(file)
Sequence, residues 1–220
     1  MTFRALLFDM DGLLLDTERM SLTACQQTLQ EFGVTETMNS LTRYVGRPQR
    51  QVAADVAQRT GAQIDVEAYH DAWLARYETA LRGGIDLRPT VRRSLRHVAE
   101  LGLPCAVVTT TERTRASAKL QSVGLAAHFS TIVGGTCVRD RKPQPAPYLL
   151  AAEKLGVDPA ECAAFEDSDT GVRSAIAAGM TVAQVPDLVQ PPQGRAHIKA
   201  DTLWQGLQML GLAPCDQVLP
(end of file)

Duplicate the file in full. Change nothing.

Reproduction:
Sequence, residues 1–220
     1  MTFRALLFDM DGLLLDTERM SLTACQQTLQ EFGVTETMNS LTRYVGRPQR
    51  QVAADVAQRT GAQIDVEAYH DAWLARYETA LRGGIDLRPT VRRSLRHVAE
   101  LGLPCAVVTT TERTRASAKL QSVGLAAHFS TIVGGTCVRD RKPQPAPYLL
   151  AAEKLGVDPA ECAAFEDSDT GVRSAIAAGM TVAQVPDLVQ PPQGRAHIKA
   201  DTLWQGLQML GLAPCDQVLP